How cool is this? Google honored Yuri Kochiyama, a well known Japanese/American activist, with a Google doodle on what would have been her 95th birthday. Yuri has such an inspiring history and we have everything you need to know!
You might not always click on the Google Doodle’s but you should. Google goes above and beyond to dedicate their homepage to an important figure in history for 24 hours and on May 19, Yuri Kochiyama was honored with her own Google Doodle. The late activist was born in California and lead a harrowing life that even involved her being sent to an internment camp during WWII.
It’s truly an honor to be on Google’s homepage and for quite a good reason — millions of people use the search engine every single day, which means millions upon millions of eyeballs on the Google Doodle, designed by artist Alyssa Winans. This is a wonderful way to honor Yuri’s legacy but also a great way to give a quick history lesson to the world. HollywoodLife.com has five things that you need to know about Yuri, that will definitely leave you feeling inspired. “Kochiyama left a legacy of advocacy: for peace, U.S. political prisoners, nuclear disarmament, and reparations for Japanese Americans interned during the war,” Google wrote. “She was known for her tireless intensity and compassion, and remained committed to speaking out, consciousness-raising, and taking action until her death in 2014.”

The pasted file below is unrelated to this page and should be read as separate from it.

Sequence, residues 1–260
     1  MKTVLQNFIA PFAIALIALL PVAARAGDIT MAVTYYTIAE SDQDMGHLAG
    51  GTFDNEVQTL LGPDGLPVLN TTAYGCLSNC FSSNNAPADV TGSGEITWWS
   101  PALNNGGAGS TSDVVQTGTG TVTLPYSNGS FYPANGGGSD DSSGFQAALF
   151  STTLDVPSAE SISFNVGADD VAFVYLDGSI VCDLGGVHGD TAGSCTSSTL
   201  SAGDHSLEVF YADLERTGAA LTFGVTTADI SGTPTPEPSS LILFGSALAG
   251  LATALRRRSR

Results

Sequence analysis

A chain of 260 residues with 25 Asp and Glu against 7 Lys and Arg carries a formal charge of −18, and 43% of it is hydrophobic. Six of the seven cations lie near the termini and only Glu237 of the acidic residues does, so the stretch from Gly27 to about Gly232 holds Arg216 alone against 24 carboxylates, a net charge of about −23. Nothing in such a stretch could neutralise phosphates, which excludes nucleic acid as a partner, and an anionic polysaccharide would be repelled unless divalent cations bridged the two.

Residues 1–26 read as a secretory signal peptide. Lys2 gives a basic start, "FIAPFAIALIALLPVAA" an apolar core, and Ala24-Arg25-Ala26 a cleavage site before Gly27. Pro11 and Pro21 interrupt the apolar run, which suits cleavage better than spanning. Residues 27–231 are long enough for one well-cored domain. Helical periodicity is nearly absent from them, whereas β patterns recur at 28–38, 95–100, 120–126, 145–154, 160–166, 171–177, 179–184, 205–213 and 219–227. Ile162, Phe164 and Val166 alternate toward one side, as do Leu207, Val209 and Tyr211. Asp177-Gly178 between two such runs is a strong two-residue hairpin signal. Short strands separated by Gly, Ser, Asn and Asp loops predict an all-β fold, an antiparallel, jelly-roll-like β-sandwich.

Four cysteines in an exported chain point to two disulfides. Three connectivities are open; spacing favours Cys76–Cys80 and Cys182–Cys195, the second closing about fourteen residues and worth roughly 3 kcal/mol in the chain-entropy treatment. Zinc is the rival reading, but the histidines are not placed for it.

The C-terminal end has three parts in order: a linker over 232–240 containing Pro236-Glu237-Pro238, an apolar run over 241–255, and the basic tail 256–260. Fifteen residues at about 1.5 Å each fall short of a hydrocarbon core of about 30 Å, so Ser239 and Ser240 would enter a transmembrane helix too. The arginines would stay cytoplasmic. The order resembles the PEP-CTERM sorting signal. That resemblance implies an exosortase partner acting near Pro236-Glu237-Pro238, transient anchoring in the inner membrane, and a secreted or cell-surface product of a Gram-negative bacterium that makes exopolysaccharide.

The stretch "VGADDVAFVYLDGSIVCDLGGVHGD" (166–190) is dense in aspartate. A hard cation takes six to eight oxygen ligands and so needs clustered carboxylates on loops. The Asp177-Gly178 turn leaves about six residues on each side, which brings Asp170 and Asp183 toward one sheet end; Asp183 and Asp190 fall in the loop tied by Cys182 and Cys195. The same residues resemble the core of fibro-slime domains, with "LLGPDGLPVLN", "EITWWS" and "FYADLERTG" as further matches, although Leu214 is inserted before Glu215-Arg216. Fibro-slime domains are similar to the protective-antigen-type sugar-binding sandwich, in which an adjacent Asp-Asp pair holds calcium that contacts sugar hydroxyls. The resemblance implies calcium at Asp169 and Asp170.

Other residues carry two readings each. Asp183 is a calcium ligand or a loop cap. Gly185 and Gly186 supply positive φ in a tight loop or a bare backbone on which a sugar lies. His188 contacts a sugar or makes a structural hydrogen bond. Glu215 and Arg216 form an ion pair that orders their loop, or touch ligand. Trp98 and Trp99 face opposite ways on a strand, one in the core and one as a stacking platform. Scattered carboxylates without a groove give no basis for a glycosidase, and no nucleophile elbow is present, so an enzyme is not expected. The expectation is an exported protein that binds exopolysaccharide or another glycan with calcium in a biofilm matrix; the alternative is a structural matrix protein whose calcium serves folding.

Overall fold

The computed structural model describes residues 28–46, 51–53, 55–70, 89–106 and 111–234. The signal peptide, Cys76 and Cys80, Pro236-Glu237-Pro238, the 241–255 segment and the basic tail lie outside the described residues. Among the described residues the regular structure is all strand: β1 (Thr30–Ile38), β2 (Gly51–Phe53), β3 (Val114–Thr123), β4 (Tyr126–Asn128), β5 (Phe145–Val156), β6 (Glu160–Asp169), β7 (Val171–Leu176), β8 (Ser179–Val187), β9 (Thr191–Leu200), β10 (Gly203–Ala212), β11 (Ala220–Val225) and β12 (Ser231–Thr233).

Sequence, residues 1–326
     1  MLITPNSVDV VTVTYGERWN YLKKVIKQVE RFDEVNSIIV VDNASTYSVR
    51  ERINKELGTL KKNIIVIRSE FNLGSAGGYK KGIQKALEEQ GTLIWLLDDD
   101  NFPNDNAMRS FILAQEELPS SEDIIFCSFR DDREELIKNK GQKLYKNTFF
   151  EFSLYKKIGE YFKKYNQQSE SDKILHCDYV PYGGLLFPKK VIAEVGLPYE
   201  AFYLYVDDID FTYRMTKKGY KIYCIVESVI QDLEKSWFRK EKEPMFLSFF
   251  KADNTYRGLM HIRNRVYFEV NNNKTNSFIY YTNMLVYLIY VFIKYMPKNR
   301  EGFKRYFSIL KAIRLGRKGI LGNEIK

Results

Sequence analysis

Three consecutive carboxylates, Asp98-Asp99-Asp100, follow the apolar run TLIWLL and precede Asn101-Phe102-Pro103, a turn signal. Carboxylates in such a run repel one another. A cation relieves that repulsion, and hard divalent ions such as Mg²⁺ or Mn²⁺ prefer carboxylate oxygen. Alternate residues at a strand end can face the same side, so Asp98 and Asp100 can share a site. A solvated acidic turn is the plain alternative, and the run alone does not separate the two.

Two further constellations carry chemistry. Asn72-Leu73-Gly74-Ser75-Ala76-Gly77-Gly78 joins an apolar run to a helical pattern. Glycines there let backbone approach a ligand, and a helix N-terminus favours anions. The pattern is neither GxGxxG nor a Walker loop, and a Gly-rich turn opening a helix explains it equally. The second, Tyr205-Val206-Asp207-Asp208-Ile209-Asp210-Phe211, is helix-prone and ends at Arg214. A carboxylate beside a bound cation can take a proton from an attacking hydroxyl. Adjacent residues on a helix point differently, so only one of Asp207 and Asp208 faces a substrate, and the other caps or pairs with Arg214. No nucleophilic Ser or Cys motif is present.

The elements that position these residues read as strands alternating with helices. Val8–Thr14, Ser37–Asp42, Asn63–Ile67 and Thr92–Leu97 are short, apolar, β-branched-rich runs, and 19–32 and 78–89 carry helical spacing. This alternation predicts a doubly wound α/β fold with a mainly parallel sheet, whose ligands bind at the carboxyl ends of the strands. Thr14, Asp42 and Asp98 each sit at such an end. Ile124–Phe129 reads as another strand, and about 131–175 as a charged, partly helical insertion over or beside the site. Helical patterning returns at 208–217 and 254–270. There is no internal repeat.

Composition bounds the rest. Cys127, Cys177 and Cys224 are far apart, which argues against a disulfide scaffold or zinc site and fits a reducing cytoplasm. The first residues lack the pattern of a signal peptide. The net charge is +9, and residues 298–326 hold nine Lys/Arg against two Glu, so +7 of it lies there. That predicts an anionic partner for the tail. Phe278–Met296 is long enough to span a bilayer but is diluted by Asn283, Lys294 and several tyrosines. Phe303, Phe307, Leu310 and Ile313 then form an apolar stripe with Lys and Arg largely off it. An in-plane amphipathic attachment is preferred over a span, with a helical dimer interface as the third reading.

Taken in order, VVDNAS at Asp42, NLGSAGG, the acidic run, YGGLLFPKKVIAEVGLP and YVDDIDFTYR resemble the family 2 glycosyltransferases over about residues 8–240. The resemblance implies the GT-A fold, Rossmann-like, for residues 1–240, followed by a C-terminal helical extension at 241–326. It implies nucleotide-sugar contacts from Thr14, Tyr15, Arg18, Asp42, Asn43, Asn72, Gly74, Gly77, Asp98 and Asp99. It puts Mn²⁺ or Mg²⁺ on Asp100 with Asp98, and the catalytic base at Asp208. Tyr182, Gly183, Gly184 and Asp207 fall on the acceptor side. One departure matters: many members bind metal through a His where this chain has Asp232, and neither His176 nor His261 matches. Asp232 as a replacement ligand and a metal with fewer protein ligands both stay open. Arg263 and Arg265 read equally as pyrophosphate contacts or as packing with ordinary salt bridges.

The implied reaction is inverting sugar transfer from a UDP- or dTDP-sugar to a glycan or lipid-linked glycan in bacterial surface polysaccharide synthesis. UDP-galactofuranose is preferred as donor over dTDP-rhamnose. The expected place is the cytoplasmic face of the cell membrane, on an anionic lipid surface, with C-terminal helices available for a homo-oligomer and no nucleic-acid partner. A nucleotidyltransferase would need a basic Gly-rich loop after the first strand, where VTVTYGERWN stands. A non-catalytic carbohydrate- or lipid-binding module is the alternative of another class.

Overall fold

1. Yuri was born in San Pedro, Calif., and lived a relatively normal life until she graduated from Compton Junior College in 1941.
2. After the death of Yuri’s father, the United States declared that anyone of Japanese ancestry on the West coast had to be relocated to an internment camp, while WWII was going on.
3. Yuri met her husband Bill Kochiyama while at the camp in Jerome, Arkansas. They married in 1946 and moved to New York.
4. Yuri and Bill had over six children and eventually moved to Harlem, NY., in 1960.
5. She had a highly publicized friendship with Malcolm X which was said to have been “formative” in her reasons for become an activist. She spent her life fighting for things like: Puerto Rican independence, the Black Liberation movement and the redress for Japanese-American internees. Yuri died on June 1, 2014 at the age of 93.
HollywoodLifers, what do you think of the Google Doodle?